An RBI official said that the finance ministry should be clarifying on the issue rather than the central bank. Mr Manmohan Sachdeva, Director, Department of Economic Affairs in India’s Ministry of Finance told Business Standard, “We are at an advanced stage of finalising new rules for exchange of torn currency of the new denominations. The Law Ministry is examining the new rules and we will soon notify the same.”
ADB cuts India’s FY20 GDP growth forecast to 7% on fiscal shortfall worries
New Delhi: Asian Development Bank on Thursday lowered India’s GDP growth forecast to 7 per cent for the current year on the back of fiscal shortfall concerns.
“India is expected to grow by 7 per cent in 2019 (FY20) and 7.2 per cent in 2020 (FY21), slightly slower than projected in April because the fiscal 2018 outturn fell short,” ADB said in its supplement to the Asian Development Outlook 2019.
For the south Asian region, ADB said the outlook remains robust, with growth projected at 6.6 per cent in 2019 and 6.7 per cent in 2020.
Earlier in April this year too, the Manila-based multi-lateral funding agency had lowered India’s growth forecast for FY20 to 7.2 per cent from 7.6 per cent estimated previously due to moderation in global demand and likely shortfall in revenue on the domestic front.
Jalan panel proposes ‘nominal’ transfer of RBI funds to govt over 3-5 years
New Delhi: The Union government may not get the windfall gain it was expecting from the Reserve Bank of India (RBI) reserves as the Bimal Jalan committee, tasked with reviewing the central bank’s economic capital framework, has proposed a “nominal” transfer of surplus to the central government in a phased manner, according to a source in the know.
“The report has proposed a formula for a nominal transfer of a portion of the RBI’s reserves to the central government in a period of three-five years. This is in line with the current practice being followed by the RBI for transferring dividend annually,” a person close to the development said.
The person said the panel members might “not be unanimous” on the suggestions the committee made. These will be submitted to RBI Governor Shaktikanta Das “in a few days”. The RBI’s central board, headed by Das, will take up the matter.
The report would likely include a dissent note by Finance Secretary Subhash Chandra Garg, who is the government’s representative on the panel.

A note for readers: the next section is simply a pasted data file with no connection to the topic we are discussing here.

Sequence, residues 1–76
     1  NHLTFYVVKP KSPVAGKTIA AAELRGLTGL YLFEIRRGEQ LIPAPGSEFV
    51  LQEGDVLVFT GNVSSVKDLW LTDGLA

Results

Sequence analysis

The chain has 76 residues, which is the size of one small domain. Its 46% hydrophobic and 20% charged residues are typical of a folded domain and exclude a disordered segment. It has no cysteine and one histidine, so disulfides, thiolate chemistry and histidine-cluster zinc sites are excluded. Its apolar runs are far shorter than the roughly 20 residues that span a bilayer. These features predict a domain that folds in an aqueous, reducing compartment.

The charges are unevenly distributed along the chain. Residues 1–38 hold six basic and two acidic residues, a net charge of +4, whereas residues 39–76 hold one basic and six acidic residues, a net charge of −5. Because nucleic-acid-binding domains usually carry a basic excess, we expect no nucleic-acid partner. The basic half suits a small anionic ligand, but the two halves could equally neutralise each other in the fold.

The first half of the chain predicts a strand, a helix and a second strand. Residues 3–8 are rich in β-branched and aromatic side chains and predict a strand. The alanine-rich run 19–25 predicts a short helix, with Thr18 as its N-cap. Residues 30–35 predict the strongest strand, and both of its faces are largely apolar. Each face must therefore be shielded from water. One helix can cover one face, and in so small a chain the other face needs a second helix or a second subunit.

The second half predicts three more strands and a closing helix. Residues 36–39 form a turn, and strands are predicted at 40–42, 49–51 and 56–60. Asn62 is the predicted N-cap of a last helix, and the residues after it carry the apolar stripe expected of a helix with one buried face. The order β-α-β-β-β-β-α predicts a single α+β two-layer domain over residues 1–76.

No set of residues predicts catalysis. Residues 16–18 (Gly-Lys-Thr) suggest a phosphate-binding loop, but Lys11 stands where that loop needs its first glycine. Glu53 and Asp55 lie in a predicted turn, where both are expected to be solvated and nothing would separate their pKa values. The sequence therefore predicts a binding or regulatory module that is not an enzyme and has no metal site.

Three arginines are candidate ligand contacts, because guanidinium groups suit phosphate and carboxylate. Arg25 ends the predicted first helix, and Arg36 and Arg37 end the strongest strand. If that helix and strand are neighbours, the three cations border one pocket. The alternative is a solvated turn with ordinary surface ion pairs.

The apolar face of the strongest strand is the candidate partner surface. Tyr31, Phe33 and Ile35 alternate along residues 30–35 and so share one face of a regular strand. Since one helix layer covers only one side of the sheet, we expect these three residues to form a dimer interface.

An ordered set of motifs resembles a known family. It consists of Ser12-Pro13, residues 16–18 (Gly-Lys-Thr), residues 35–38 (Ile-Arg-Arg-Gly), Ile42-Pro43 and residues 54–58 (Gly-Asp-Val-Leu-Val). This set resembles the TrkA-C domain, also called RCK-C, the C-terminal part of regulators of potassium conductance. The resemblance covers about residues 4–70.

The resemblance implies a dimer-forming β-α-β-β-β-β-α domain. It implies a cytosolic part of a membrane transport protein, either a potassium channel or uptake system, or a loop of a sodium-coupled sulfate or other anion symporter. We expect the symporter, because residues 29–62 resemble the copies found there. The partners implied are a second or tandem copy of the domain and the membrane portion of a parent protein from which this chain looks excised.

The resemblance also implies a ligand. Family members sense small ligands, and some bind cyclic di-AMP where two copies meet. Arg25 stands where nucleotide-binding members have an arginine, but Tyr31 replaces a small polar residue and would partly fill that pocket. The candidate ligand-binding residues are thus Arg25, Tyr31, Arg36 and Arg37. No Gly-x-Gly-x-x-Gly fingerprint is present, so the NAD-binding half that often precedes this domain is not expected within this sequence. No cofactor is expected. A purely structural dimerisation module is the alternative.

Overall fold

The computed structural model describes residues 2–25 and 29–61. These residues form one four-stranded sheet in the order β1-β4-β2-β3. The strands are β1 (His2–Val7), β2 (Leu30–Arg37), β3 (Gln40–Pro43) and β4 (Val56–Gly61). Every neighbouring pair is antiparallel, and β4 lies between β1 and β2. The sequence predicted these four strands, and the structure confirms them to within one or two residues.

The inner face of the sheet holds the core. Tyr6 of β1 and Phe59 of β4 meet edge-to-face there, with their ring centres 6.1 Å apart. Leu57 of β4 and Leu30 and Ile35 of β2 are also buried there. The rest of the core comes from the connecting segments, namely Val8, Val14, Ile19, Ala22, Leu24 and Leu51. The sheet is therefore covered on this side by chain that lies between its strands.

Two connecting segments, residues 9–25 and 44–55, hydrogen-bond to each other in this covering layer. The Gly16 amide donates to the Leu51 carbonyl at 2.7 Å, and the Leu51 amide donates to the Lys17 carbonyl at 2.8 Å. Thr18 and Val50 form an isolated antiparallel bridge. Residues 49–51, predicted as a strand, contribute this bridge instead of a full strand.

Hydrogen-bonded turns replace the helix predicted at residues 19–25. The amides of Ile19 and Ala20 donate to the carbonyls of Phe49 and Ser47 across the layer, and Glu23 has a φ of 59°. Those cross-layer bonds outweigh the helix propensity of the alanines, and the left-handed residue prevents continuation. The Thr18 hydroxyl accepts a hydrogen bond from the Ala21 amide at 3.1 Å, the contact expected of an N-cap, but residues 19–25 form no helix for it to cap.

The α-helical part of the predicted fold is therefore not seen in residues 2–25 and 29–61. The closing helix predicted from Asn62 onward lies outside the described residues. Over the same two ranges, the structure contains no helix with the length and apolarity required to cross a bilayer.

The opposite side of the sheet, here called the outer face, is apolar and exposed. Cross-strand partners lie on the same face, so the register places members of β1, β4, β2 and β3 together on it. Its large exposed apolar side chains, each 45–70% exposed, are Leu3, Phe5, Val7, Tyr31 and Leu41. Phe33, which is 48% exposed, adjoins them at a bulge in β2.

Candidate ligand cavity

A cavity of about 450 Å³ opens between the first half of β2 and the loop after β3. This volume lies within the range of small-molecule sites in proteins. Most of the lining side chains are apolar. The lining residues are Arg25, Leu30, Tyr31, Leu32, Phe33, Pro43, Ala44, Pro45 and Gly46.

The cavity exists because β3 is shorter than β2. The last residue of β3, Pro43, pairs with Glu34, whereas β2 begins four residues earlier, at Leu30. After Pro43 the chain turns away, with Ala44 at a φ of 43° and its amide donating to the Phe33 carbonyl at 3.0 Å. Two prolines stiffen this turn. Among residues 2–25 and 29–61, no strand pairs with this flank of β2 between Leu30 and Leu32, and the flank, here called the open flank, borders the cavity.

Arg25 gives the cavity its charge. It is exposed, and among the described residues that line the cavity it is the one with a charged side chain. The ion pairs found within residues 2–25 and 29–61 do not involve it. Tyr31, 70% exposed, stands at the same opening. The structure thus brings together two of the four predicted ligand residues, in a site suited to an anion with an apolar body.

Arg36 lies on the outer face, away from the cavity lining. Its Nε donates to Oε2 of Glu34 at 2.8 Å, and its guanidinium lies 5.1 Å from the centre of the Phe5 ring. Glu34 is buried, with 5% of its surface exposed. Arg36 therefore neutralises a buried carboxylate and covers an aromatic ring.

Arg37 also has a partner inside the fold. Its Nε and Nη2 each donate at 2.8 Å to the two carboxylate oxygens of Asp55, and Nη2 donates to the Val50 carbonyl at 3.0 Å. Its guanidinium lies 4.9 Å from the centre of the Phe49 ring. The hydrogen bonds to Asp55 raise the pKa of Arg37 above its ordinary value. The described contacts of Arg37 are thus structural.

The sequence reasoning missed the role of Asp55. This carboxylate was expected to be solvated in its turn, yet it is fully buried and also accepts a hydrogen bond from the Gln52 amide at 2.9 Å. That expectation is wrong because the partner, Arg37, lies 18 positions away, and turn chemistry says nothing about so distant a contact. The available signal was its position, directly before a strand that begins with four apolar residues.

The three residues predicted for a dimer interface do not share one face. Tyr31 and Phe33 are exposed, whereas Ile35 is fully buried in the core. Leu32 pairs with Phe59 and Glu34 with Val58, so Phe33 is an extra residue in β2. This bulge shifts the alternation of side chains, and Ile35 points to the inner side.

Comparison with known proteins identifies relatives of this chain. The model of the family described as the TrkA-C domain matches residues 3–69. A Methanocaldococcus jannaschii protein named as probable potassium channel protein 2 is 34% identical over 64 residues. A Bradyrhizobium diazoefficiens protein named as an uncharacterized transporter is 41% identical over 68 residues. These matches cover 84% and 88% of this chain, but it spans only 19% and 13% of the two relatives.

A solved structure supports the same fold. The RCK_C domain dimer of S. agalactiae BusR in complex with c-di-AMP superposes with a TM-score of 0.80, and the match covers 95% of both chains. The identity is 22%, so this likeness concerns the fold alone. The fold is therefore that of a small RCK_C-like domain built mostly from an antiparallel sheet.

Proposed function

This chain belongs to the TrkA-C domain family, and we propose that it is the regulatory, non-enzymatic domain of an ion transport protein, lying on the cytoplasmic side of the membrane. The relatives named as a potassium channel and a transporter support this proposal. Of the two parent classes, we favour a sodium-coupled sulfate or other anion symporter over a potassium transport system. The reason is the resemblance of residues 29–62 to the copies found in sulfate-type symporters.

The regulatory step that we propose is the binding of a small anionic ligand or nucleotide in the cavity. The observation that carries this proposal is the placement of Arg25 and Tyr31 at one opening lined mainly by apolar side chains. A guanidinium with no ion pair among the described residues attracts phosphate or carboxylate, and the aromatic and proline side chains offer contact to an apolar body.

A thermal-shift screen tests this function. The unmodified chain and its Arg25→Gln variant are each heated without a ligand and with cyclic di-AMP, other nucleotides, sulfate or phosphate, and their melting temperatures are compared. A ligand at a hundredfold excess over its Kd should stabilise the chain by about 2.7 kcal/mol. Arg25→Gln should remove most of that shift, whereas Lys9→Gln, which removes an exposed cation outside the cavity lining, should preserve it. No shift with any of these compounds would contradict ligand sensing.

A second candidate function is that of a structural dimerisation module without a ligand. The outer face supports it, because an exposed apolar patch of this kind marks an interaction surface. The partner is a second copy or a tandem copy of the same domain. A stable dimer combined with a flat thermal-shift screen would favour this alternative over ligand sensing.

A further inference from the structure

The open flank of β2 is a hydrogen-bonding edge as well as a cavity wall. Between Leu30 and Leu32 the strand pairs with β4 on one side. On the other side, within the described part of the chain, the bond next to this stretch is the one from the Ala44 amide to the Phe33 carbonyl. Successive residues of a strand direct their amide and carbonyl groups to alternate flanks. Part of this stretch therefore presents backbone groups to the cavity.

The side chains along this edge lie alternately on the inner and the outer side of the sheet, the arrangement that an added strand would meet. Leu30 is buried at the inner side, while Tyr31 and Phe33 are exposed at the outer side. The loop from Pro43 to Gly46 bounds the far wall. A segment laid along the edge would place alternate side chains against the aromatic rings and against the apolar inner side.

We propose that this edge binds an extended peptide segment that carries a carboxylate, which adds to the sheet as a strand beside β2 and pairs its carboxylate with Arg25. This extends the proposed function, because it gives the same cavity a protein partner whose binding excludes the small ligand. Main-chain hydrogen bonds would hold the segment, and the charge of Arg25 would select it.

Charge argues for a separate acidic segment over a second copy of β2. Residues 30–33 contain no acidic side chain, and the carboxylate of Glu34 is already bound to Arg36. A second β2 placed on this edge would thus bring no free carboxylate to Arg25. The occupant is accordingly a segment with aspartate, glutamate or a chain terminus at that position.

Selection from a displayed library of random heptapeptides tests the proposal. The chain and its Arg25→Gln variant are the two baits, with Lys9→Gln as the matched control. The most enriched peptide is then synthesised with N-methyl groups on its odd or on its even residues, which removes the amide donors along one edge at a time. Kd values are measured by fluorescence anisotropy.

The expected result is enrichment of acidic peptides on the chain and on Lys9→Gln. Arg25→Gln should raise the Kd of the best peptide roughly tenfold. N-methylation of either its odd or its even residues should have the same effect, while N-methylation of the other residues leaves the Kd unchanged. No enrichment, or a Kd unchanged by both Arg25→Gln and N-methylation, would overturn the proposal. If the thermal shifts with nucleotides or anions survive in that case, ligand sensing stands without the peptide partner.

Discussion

The committee has recommended a periodic review of the RBI’s economic capital framework, according to the source.
Initially, the finance ministry had expected around Rs 3 trillion from the RBI’s reserve funds, which were at the heart of a conflict between the regulator and the government last year.
On the insistence of the finance ministry, the central board of the RBI formed a six-member committee — headed by Jalan and co-chaired by former RBI deputy governor Rakesh Mohan — in December to review the central bank’s economic capital framework.
The main difference of opinion within the panel was over transferring the RBI’s “excess” capital reserves. While most panel members are in favour of a phased transfer of the RBI’s capital reserves to the government over the years, the government’s view, voiced by Garg, was for a one-time transfer.
For this financial year, the government had accounted for around Rs 20,000 crore as “additional dividend” from the RBI, a finance ministry official said. This, the official said, is unlikely to happen.
In the Receipts Budget, allocation towards the “dividend or surplus of RBI, nationalised banks and financial institutions” was increased by Rs 23,130 crore to Rs 1.06 trillion in 2019-20, compared to the Interim Budget.
Nod to bankruptcy code changes, will help home buyers
New Delhi: The government today gave its approval to seven amendments to the Insolvency and Bankruptcy Code (IBC), a move that will benefit unsecured creditors like home buyers in a big way.
Minister for Information and Broadcasting Prakash Javadekar said, the IBC (Amendment) Bill, 2019, would be introduced in Parliament during this session and will have retrospective effect. An official statement read: “The amendments aim to fill critical gaps in the corporate insolvency resolution framework as enshrined in the Code.”
of all financial creditors, including unsecured ones (home buyers) covered under Section 21 (6A) “shall be cast in accordance with the decision approved by the highest voting share (more than 50 per cent) of financial creditors on present and voting basis”, it said. It also said greater emphasis had been given “on the need for time-bound disposal at application stage and a deadline for completion of CSRP within an overall limit of 330 days, including litigation and other judicial processes”. Experts say this provision will help unsecured creditors (mostly home buyers) in a big way.